Don Capria, The Literary Voice Behind Colombo: The Unsolved Murder
By Ilija Sekulovski
Don grew up in Westchester, New York, however found himself frequenting Astoria’s diverse and welcoming community until finally he moved here after high school. Initially it was the music that was the attraction. Capria grew up in the midst of the hard core punk scene, with Astoria having a lot of options. It isn’t hard to see the attraction of our community. Especially if you’re an artist. Astoria has a ton of creative voices finding their muses through movies, music, writing and screenplays.
More than anything however, Don Capria describes himself as a “true crime aficionado.” For a long time he has poured through books about Lucky Luciano, Al Capone, Joe Gallo and other mob bosses.
However it wasn’t until he got to Joe Colombo that Don’s interest peaked. Up until he got involved, Don realized that every book or paper in print that mentioned Colombo mostly ran the same story over and over. Something wasn’t quite right with that and Capria wanted to find out more.
After talking to a friend, Don’s interest in Colombo reached his oldest son Anthony, who in 2010 organized a meeting with Don and other family members in an upstate diner. The family quizzed Don about Joe Colombo, and soon, Anthony realized that Don’s passion for telling the real story was the same as his. He wanted to tell the story of his father as a civic leader and important figure in the Italian-American community. And so the screenplay was put on hold, and the book began.
Colombo: The Unsolved Murder, was self-published a few years later in December 2015, co-authored by Anthony Colombo.
One of the major facts which plagued Don was the shooting of Joe Colombo. “Something wasn’t quite right about it”
Don says, “it had all the hallmarks of a Kennedy type assassination, things didn’t add up.”
Once Capria obtained the approval from Anthony Colombo to write the book of his father’s life, he quickly gained access to a lot of information, including interviews set up with various family members and lawyers which were involved in the family business.
The next few years would be spent interviewing and putting together the facts, something that Anthony Colombo was very adamant about. “He didn’t have a problem with me putting anything in the book about his father, as long as I had evidence behind my facts” Don told GMA.
Soon he started realizing just how much of an Italian-American figure Joe Colombo was. From his work in civil rights and the Italian American Civil Rights League (IACRL), to the impact he had on the Italian American community, and even his role in the making of Francis Ford Coppola’s The Godfather.
Before it was made, Paramount wanted to save a lot of money on the film, Capria states. All the locations for the movie disappeared after the Italians told everyone not to allow shooting because the money wouldn’t go back to community. After getting Coppola and even Brando behind the movement to allow Italian actors to portray Italian families, the producers quickly caved in. Coppola came back on, including Brando. The film was then given the go ahead by the Italian community that it could shoot in New York. “Joe was a very savvy business man” Capria said, “he knew that they would come and shoot the film all around New York, using Italian business, then taking all the credit without giving anything back.” Don even goes as far as naming one of his chapters “We wouldn’t have The Godfather without Joe Colombo.”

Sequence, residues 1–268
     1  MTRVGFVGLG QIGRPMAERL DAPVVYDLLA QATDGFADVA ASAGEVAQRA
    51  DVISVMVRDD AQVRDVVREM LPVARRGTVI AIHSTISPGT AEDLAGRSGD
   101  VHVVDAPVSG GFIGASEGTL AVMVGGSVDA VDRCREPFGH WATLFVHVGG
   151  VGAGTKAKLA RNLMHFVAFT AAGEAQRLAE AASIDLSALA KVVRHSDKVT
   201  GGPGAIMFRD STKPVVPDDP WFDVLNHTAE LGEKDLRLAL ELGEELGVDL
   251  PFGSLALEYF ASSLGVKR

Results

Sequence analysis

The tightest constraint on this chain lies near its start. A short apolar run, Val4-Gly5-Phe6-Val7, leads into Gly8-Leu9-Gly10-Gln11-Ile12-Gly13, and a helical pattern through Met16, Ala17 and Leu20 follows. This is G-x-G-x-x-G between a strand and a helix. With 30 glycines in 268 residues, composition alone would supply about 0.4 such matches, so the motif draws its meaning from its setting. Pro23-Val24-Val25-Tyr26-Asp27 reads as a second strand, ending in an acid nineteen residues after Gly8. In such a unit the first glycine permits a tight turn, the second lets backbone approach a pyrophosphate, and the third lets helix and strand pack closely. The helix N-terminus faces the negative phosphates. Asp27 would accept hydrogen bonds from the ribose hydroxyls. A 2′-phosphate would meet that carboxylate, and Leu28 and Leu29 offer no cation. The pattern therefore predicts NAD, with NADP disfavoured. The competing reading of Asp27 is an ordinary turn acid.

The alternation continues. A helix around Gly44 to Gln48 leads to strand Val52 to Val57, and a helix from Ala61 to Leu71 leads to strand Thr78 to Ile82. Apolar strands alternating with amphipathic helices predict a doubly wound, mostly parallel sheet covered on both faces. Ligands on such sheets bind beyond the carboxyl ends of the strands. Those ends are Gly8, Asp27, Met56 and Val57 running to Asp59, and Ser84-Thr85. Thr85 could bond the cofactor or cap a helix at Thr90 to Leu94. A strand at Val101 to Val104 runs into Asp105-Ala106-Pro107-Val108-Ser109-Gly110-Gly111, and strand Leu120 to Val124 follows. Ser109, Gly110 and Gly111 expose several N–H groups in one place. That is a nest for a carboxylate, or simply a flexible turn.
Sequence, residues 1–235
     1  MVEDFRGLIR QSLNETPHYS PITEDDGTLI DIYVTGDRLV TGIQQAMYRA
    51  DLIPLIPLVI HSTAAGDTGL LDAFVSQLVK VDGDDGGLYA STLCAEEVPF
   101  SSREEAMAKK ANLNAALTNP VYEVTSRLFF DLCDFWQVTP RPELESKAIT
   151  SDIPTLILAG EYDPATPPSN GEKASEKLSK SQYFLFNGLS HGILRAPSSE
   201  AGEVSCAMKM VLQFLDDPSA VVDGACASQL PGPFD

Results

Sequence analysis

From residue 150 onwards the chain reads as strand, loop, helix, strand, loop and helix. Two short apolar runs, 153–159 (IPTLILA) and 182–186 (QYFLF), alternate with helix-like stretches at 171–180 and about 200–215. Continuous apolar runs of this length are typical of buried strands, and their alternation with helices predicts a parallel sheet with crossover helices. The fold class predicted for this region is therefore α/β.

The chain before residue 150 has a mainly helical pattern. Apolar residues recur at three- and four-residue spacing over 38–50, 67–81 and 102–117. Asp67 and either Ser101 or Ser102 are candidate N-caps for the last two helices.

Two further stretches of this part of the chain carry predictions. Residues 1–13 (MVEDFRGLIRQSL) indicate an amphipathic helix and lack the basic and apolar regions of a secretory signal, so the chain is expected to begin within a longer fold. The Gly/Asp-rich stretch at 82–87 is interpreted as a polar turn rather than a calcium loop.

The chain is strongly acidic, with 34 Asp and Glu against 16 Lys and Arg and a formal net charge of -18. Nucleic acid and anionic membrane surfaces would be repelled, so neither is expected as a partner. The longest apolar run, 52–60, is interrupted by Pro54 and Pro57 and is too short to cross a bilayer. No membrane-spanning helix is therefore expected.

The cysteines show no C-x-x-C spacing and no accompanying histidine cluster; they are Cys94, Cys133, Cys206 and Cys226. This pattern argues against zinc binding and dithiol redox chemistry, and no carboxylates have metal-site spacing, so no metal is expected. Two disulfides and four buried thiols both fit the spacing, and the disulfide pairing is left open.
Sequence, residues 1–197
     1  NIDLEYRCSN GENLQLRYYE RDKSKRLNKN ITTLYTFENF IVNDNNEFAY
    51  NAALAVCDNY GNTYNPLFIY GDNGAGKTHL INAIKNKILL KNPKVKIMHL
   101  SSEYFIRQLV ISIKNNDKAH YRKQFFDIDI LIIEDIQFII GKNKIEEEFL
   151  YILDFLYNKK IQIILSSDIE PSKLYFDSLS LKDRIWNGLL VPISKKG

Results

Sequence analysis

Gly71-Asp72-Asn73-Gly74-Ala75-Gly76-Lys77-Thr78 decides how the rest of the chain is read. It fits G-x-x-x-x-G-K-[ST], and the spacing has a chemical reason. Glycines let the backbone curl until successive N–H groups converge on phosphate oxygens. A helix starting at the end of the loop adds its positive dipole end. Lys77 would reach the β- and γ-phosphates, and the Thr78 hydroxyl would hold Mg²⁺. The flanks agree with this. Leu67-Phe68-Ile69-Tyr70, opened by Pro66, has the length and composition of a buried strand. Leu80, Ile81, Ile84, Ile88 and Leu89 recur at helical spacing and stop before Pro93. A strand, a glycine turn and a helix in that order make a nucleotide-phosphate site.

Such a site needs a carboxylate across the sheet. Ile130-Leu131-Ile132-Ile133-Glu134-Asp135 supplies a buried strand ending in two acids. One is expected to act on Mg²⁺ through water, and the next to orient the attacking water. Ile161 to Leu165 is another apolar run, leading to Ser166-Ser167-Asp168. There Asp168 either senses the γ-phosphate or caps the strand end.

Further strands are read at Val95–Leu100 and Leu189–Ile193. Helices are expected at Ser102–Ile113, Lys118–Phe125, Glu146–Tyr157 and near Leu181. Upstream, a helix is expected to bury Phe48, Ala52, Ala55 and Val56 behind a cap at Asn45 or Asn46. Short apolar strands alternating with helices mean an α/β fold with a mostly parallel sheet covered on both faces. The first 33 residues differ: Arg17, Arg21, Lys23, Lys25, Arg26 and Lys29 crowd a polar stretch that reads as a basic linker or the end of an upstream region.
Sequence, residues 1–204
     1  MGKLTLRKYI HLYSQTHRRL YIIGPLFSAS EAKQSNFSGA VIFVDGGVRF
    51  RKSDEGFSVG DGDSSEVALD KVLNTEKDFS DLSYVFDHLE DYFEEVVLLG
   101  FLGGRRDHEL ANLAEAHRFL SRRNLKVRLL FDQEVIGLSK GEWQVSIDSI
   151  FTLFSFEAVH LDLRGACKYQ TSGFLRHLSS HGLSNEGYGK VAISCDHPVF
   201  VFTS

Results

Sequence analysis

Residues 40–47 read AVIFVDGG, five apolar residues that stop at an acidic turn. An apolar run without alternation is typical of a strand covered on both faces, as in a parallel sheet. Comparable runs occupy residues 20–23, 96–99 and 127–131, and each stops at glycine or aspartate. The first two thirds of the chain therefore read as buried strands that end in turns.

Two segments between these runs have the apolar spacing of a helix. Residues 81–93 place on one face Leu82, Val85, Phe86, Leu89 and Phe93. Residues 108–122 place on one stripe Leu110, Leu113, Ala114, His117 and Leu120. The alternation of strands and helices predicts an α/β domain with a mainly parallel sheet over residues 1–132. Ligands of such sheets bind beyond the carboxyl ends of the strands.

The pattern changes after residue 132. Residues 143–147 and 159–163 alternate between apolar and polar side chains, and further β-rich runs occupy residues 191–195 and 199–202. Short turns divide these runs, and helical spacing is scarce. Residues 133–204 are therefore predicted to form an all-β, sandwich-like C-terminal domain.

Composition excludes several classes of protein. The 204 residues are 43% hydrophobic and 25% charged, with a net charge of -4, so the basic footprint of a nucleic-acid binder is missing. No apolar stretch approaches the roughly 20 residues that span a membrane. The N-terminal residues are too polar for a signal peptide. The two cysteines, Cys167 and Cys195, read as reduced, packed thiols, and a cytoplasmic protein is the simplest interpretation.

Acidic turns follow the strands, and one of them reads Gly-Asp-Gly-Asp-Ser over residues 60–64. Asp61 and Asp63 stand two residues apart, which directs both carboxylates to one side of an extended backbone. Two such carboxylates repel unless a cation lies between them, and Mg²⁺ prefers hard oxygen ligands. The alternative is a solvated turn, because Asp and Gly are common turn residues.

But it was Joe’s subsequent assassination that drew Capria’s attention the most.
In 1971 in Columbus Circle, in front of FBI agents, Police and thousands of onlookers during the second Italian Unity Day rally, Joe Colombo was shot. The shooter, apprehended almost instantly was also shot during the apprehension. Capria goes into some depth at the confusion over the incident.
The story that was reported was that Joe Gallo, a rival boss, had hired an African American criminal he had met in jail to carry out the order. Something that according to Don, would not have happened. “In those days you had to get the entire Italian families to agree to something like this, and even then assassinations were done much more subtly, not in front of thousands of people.” The following year Joe Gallo was shot dead on his 43rd birthday celebrations by Colombo associates.
Today, Anthony Colombo (73), is retired and living with his wife in California. “He still commands respect” Capria told GMA, “everything was open, and if he didn’t want to answer something he wouldn’t and we’d move on.”
“A lot of the family business fell on Anthony’s head after the incident. Joe Colombo remained in a coma for 7 years after he was shot so Anthony took everything over. It was very much a Godfather type situation.”
With the book doing quite well in sales, Don is hoping that it can be soon adapted to a screenplay with an HBO type mini-series feel, to tell the true story of the Colombo family.
Don has also done an award winning short film/dark drama entitled Eulogy that took a prize at the Queens Borough Festival 2015.
He also wrote, directed and produced the Westchester TV Pilot, looking into the New York club and music scene through the eyes of a kid growing up among crime.
Don is also a music manager, managing double platinum Australian pop act Dawin, down under, where Capria frequents.